Nineteen percent of those surveyed reported that their previous housing or sleeping location was affected by the 2017 fires and of those, 37% reported that their home or sleeping location was burned or destroyed by the fires.

Homeless veterans increased slightly from 207 in 2018 to 210 in 2019. Veterans experience higher rates of PTSD and TBI (Traumatic Brain Injury), sexual assault, and substance abuse, and are more likely to live on the streets versus shelters.

The survey also showed that the primary causes of homelessness were job loss, argument with family or friend, alcohol/drug abuse, eviction, and divorce or separation. The biggest obstacle to finding housing was not being able to afford the high rents. The most common health issues were drug or alcohol abuse (38%), psychiatric or emotional conditions (35%), PTSD (25%), and physical disorder (25%). Thirty-four percent reported a history of domestic violence and 16% reported trading sex for money due to their vulnerable circumstances and precarious access to basic needs.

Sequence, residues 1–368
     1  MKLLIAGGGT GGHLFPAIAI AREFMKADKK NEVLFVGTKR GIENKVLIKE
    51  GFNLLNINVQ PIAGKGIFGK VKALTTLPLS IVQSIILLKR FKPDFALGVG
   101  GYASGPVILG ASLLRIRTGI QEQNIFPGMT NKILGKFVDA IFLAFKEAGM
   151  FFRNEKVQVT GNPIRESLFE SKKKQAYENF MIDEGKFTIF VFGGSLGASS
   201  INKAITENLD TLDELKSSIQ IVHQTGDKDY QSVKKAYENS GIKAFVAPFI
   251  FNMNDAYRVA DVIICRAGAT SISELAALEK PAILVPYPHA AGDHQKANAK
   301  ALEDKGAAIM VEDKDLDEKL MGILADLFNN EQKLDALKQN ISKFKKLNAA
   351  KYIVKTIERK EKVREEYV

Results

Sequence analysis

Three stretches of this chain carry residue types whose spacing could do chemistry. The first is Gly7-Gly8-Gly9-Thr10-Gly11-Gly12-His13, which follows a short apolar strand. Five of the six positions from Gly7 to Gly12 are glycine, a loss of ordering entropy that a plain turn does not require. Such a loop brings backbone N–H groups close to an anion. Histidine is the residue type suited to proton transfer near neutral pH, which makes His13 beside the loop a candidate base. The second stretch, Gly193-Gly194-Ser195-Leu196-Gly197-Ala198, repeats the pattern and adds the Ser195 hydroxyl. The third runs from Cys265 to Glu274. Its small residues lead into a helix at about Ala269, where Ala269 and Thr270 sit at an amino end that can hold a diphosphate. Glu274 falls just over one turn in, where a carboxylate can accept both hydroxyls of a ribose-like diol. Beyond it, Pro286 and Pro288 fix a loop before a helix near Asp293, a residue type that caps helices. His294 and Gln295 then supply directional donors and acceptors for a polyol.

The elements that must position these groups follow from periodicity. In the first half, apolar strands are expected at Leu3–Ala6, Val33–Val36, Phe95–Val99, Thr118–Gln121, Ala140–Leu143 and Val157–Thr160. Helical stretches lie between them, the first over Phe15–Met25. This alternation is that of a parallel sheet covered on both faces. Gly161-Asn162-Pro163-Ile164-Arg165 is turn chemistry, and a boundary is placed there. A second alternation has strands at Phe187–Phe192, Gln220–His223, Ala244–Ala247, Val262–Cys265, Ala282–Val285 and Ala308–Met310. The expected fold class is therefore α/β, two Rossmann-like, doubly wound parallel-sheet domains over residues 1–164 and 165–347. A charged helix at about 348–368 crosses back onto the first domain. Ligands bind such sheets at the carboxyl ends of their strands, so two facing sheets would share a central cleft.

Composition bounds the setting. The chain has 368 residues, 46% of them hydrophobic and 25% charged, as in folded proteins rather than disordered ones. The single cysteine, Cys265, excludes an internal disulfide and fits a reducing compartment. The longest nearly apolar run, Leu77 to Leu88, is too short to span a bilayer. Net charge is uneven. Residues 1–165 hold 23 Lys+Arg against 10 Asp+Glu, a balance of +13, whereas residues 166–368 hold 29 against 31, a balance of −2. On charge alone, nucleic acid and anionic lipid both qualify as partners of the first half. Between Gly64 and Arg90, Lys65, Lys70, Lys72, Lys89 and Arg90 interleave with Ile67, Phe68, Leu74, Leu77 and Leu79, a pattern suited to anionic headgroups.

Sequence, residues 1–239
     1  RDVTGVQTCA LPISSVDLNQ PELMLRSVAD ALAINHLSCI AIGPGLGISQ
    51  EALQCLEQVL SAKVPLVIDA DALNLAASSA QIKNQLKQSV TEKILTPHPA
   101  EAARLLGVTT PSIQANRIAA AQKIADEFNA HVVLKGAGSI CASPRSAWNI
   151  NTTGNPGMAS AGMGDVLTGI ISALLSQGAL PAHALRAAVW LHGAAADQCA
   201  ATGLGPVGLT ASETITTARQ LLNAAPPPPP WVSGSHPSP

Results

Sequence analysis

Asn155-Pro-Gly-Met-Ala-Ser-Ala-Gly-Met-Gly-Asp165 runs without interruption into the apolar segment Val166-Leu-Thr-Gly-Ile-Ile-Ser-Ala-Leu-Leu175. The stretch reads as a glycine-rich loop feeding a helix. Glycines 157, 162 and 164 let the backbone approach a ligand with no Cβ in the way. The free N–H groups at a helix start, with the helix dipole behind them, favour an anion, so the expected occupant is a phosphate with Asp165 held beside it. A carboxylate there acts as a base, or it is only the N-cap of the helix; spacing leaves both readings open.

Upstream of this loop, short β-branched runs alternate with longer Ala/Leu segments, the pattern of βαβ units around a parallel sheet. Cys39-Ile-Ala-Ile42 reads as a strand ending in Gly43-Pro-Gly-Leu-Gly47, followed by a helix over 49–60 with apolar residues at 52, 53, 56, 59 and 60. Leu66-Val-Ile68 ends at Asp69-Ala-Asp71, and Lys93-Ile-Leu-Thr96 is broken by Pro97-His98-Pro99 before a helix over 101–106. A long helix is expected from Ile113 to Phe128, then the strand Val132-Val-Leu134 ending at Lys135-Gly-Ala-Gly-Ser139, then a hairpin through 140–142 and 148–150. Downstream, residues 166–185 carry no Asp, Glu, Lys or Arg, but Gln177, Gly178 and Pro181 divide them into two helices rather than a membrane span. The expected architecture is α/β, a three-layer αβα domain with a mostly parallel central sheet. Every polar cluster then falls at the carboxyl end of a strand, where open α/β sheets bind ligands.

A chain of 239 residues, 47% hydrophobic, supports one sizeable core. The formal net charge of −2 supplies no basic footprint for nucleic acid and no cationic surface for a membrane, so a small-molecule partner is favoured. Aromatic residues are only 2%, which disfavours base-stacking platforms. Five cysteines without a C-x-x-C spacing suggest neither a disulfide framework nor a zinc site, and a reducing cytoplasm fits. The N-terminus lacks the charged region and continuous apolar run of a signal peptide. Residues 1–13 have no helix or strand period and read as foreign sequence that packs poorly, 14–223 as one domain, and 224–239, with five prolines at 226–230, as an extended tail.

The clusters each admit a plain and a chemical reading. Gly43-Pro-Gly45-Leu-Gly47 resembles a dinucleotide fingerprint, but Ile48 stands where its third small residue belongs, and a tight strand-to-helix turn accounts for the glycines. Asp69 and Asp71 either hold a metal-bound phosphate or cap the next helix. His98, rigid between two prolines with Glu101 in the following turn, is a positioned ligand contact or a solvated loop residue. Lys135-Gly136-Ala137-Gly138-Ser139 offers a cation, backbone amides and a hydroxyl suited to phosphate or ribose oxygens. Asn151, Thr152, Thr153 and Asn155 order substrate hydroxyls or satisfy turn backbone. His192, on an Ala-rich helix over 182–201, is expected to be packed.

Another question I hear is, “Do the homeless want to be housed?” Eighty-nine percent of those surveyed said they would want a home if one were available and affordable.

So what does this all mean? We have our work ahead of us to successfully address this very complex social issue. While the focus must continue to get people housed, we cannot forget about the need for more mental health counseling, longer case management support, and simply walking side by side with dignity and love until those experiencing homelessness are ready to be independent.

Shelter Rules and Client Advocacy

I often get the question about the rules at the Mary Isaak Center. Yes, we have rules against behavior such as violence or threats of violence toward staff or residents or use of alcohol or drugs in the shelter. It’s one way to maintain a sense of order and safety for our clients.